Oakland Plans Boycott to Keep A’s From Las Vegas Move
Oakland A’s fans plan a “reverse boycott” during their home game Tuesday, June 13th against the Tampa Bay Rays. Instead of staying away from the game, they say they plan to pack as many A’s fans into Oakland Coliseum as possible to show the fan base is still there.
The A’s threw a curveball this week by switching their Las Vegas plans to build a new stadium at the Tropicana in preparation for the 2027 season. Previously, owner John Fisher had planned to build a $1.5 billion new ballpark on the former Wild Wild West site owned by Red Rock Resorts.
Still, Las Vegas remains the Major League Baseball team’s focus, which is heartbreaking for many loyal residents of its hometown for the past 55 years. The A’s will be the third major sports team in four years to desert the city, following the NBA’s Golden State Warriors in 2019 and the NFL’s Raiders in 2020.
Shock of the Bay
“We want John Fisher to sell the team to a local businessperson who can afford to get (a new ballpark built) and keep the team in Oakland,” Jorge Leon, a lifelong superfan, told KNTV/San Jose while wearing the “SELL” T-shirt popular in the right-field bleachers at A’s home games. Here, the most diehard fans chant “Sell the team!,” “Stay in Oakland!,” and “Save their jobs!,” the last one referring to the stadium’s hundreds of ushers, guards, vendors, and other employees.
“It’s tough,” A’s left-fielder Tony Kemp, currently in his fourth season in Oakland, told the New York Times. “You are in the dugout and you just feel for them. You think about generationally, people raising their family here and wanting to take their kids to A’s games because they were brought to A’s games as kids. It’s very hard.”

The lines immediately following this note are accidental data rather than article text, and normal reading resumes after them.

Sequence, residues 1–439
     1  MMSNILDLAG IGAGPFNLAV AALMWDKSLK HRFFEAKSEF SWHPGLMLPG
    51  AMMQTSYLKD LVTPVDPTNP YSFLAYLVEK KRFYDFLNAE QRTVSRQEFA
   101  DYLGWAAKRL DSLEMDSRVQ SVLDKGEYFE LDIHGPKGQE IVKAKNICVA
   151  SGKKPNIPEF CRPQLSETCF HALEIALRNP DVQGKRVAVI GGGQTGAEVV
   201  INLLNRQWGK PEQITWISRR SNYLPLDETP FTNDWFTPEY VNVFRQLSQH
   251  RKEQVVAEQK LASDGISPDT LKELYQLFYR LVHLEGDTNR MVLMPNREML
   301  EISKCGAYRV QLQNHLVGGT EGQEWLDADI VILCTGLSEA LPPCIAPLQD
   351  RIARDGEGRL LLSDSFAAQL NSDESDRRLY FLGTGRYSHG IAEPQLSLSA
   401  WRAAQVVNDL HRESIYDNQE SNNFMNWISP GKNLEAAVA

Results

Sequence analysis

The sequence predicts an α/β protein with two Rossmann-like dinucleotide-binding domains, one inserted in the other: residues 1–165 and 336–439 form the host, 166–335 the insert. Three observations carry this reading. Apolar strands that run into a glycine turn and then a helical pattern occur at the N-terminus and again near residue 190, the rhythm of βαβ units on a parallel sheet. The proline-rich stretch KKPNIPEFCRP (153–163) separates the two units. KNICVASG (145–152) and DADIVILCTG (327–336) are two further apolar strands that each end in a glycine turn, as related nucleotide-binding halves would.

Another superfan, Matt Ortega, told KVVU-TV/Las Vegas that Las Vegas is better off building a pro team from scratch, as it did with the NHL’s Golden Knights, than repeating what it did with the NFL’s Raiders.
I think if you look at those two teams, which one has been more successful in terms of fan loyalty, in terms of ticket sales, in terms of play on the field, I think on every level you would have to say the Golden Knights,” said Ortega, who created a website, nonevadamoney.com, to make it easy for Nevada residents to write their legislators protesting the use of public funds for a stadium.
The A’s won the World Series in 1910, 1911, 1913, 1929, 1930, 1972, 1973, 1974 and 1989. Most recently, they made the playoffs for three straight seasons, from 2018 to 2020. This season, however, while basking in the national spotlight of their Vegas plans, the team is playing horrible baseball in front of horrible crowds.
The A’s are dead last in the American League West with eight wins and 29 losses. And they’re drawing the smallest crowds of any MLB team this season, averaging just over 10K people in a stadium built to hold more than five times more.
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